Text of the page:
Opening Reception: At the Source: A Courbet Landscape Rediscovered

Friday, February 3, 2023 5pm–7.30pm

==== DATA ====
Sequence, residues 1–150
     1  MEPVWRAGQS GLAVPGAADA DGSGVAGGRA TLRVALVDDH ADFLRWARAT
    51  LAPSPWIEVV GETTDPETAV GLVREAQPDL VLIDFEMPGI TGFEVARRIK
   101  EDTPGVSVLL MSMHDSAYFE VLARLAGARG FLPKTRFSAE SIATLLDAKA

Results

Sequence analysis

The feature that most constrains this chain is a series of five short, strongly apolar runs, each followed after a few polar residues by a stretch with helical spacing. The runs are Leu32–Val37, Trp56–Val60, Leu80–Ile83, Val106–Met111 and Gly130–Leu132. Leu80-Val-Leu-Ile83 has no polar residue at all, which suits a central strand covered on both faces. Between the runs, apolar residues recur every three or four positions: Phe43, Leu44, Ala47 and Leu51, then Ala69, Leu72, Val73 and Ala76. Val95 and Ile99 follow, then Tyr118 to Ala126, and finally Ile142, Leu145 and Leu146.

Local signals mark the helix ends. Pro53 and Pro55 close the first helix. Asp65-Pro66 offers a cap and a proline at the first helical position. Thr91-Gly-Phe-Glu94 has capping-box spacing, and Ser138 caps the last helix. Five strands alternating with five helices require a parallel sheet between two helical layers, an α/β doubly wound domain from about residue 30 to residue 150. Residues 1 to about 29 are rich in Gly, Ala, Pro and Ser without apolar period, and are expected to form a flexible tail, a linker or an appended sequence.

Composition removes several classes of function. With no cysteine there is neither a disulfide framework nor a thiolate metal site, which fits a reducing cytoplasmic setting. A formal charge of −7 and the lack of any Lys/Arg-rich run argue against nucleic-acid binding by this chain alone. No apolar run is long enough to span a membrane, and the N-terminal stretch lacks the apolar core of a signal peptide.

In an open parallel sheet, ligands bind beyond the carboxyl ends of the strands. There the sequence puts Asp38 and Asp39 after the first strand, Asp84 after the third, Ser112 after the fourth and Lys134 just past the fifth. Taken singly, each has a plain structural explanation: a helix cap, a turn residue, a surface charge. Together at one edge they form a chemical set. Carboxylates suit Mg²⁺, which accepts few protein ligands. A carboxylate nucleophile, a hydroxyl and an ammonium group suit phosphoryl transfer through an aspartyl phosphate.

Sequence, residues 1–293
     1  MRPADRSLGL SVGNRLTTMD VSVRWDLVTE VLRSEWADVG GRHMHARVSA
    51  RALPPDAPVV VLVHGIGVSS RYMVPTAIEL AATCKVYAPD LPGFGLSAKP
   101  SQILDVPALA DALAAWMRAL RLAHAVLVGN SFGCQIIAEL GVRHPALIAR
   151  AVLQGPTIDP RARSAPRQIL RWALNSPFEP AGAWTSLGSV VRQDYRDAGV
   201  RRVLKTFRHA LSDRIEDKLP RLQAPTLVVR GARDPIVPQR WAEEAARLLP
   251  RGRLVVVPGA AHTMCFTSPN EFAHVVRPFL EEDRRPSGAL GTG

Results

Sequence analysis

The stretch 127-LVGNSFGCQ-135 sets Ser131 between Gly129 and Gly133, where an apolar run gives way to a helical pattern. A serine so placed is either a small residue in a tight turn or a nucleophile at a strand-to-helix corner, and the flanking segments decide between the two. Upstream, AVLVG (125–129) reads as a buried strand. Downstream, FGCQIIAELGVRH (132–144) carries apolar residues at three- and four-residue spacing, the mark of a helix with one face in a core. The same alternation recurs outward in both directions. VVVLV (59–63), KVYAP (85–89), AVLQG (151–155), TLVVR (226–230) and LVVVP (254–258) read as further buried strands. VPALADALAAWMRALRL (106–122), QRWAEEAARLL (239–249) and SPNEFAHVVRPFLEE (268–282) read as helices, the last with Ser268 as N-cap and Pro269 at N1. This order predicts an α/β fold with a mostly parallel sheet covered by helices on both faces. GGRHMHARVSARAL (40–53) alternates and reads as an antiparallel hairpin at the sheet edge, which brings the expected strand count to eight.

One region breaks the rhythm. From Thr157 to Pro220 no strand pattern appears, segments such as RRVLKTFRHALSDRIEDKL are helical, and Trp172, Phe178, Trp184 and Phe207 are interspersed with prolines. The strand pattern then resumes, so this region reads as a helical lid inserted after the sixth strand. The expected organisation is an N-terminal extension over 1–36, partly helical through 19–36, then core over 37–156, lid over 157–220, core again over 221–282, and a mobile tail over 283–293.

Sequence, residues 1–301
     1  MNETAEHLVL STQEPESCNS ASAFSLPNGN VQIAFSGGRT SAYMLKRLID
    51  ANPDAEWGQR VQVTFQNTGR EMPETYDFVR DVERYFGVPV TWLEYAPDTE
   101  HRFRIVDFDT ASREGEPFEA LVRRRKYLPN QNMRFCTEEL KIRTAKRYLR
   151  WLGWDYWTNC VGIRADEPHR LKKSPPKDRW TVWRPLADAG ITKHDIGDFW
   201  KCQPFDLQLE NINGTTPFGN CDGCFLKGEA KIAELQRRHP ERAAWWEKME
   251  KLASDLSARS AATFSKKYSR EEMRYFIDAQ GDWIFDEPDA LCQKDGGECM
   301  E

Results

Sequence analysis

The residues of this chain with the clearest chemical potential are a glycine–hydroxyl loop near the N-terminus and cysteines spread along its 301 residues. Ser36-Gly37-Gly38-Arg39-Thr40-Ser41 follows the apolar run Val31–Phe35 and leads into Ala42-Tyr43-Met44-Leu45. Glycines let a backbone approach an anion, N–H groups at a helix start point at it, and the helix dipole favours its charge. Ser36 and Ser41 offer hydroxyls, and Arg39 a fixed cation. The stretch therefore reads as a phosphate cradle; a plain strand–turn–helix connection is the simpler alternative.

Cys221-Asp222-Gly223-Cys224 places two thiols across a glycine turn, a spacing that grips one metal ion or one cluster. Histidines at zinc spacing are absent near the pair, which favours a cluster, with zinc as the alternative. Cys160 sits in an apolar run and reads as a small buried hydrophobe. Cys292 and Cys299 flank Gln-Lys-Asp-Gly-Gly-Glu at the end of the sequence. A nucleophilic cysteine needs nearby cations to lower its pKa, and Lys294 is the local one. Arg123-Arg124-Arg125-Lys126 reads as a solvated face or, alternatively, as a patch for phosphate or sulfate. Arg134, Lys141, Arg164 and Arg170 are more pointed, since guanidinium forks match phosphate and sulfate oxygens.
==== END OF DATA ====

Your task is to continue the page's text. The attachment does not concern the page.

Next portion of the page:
5:00-7:30 PM Join us for the opening reception of At the Source: A Courbet Landscape Rediscovered An exhibition sparked by the discovery of a Gustave Courbet painting of the source of the French river Lison in the University of Pennsylvania’s collection, At the Source: A Courbet Landscape Rediscovered (February 4 – May 28, 2023) showcases the infamous painter’s modern landscape practice. Focusing on the motifs of grottos and waterfalls in his art of the 1850s and 1860s, the exhibition highlights the newly re-discovered Courbet painting, not shown in public for close to 100 years, emphasizing the process of authenticating and conserving this historic work. In 1847 Thomas W. Evans established a dental practice in Paris, France and became surgeon dentist to Napoléon III and Empress Eugénie. In 1867 he introduced nitrous oxide as an anesthetic to the European medical and dental communities, Evans was renowned for his gold-foil fillings, vulcanite dentures, and orthodontic treatments, serving royalty from Britain to Turkey. Evans also played important roles in French and American politics. Upon his death in 1897, Evans bequeathed most of his wealth to create The Thomas W. Evans Museum and Institute Society in Philadelphia. In 1912 the Society and the University of Pennsylvania signed an agreement to establish the Thomas W. Evans Museum and Dental Institute at the corner of 40th and Spruce Street which was dedicated in February 1915. In 2015 Penn Dental Medicine celebrated its 100th Anniversary of the founding of the dental school. Published on the occasion of the 40th Anniversary of the Arthur Ross Gallery, the accompanying catalogue brings together new essays by leading Courbet scholars, including Petra ten-Doesschate Chu, Paul Galvez, Mary Morton, and Aruna D’Souza, among others. These essays consider Courbet’s modern landscapes within the genre of 19th-century landscape painting and in relation to other artists’ depictions of the source of the Lison, while drawing connections to Courbet’s political activism, his interests in geology and environmentalism, as well as his engagement with issues of gender. A series of special programs and events are planned.